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i have to rebuild my smoke house because it got destroyed,i am gonna frame this one out of pipe. 4x4x8 sloped roof to 7'6''.3/8" ext-plywood on the outside,the last one lasted 15 years,,it was all wood ....QUESTION .. i have notice that all BBQ pit's have a arched roof or lid on -em .i was wondering if it helps distribute the smoke better?? i was thinking of trying it on my new smoke house ,any help on this ????

phil
 

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Here is a couple of pics for you on a backyard smokehouse I made this last week. Its about 30" x 34" x 6-1/2 ft tall. Made from clean scrap wood, and a couple sheets of 23/32 ext plywood for the walls. Almost finished, need to add the inside racks which will be 3/4" or 7/8" wooden dowels, the tin for the roof, and paint the outside for weather protection. Also is a pic of my "smoke generator" and pic of the results from my larger 4'x6' smokehouse at the farm. Enjoy!
 

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Actually no it will not make the heat, just the smoke. I need a separate heat source to get it up to about 150 deg at least. I was just testing a couple ideas, but I can see I will prob end up using a propane burner rig like a turkey fryer or similar to make heat and heat the wood chips for smoke. In my big 4'x6' smoker I build an actual fire in a cut-off 55 gal drum and damper with the lid to regulate the heat. For my backyard model I was hoping to avoid the constant tending a small wood fire. I think I can regulate the gas burner down to keep a constant temp by just turning the valve.
 

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smoke house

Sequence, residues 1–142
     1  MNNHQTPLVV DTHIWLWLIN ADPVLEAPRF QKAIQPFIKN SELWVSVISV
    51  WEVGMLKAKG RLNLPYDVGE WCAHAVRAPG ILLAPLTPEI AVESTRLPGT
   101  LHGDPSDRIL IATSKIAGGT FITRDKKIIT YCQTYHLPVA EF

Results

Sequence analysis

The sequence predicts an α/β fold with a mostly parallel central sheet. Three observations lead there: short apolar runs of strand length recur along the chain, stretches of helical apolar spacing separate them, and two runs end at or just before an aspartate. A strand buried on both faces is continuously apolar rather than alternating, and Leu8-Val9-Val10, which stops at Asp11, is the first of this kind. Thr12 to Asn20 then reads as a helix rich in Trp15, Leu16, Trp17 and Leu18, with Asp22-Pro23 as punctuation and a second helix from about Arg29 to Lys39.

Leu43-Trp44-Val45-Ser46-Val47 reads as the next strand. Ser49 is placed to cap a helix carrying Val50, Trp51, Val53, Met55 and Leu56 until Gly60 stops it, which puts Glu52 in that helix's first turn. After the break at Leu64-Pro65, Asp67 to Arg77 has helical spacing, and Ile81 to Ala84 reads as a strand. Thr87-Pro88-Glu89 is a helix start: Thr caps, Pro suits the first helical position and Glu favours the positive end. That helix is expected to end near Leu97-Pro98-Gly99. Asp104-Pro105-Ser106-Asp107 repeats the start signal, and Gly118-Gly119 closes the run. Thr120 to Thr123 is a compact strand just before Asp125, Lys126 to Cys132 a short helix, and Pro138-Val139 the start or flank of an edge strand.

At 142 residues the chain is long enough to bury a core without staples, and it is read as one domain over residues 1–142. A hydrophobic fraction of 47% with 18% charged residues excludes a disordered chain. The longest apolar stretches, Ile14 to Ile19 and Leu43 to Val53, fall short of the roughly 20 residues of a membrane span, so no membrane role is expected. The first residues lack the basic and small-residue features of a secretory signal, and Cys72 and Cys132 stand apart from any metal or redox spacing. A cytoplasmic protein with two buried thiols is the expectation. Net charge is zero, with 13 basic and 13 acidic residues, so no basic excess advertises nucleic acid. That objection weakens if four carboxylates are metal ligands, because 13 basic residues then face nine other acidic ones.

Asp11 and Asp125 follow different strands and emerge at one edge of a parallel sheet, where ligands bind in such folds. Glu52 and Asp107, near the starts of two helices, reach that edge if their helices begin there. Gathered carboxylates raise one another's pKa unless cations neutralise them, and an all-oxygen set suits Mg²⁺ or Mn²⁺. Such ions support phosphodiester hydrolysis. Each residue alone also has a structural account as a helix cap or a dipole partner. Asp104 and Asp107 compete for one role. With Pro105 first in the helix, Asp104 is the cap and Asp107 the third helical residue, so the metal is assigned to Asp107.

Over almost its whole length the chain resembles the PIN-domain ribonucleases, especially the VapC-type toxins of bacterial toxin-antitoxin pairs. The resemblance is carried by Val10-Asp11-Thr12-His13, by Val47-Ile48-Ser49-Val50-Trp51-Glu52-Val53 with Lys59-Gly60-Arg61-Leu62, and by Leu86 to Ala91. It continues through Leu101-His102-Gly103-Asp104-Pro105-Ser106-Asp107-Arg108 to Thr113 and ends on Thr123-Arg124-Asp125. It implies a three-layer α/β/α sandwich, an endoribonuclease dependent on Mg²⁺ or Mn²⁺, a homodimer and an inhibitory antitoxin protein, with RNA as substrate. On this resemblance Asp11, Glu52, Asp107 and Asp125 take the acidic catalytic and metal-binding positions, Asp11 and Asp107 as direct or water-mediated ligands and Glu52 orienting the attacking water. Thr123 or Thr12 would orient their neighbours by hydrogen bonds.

well i started building my new smokehouse today ,i want this one to last a long long time....it will be a 4x4x8.made out of 1 1/2"pipe then 3/8"plywood on the outside, painted with sand an seal ,the racks (4) are 1' apart,starting 4' off the ground.and anchored to a concrete slab,,,,here are a few pics in progress...

phil
 

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Like fangard said... no treated wood, just use white pine, very dry and no sap for building it, not for cooking! If you mean for cooking then use hickory, oak, pecan, mesquite, or a fruity apple or cherry wood.
 

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The James Hardy cementous sheets and boards are loaded with silica..Do not know what, if anything, long term heat would do as far as particles sluffing off and getting airborne and into your food...Just something to investigate if you go that way....Silica as bad as asbestos...
 

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I builrt one on the end of a pit at church that is made of 3/8" plate and is 2ft wide 30"deep and 6ft tall with sliding racks, use a burner for constant heat get smoke from fire box on pit, just make sure that you hard pipe burner in and fix it so that it can get an exterior air supply.
 

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My dad, grampa and I, built one 8' x 12' by 7' tall at the deer lease, using stacked cinder blocks and sand poured in between the layers. That thing would hold heat and temp for days. We put an aluminum sheet metal roof on it and the whole floor was grating, the fire box we kept it inside. Gramps used some 2x6 to frame the smoking racks in side. He used hardwood dowels to hang sausage from. The key is not to mortar the blocks together, the heat will crack them. Putting the firebox inside will give you more return on your wood usage as well. To generate more smoke and less heat just use damp wood.
BB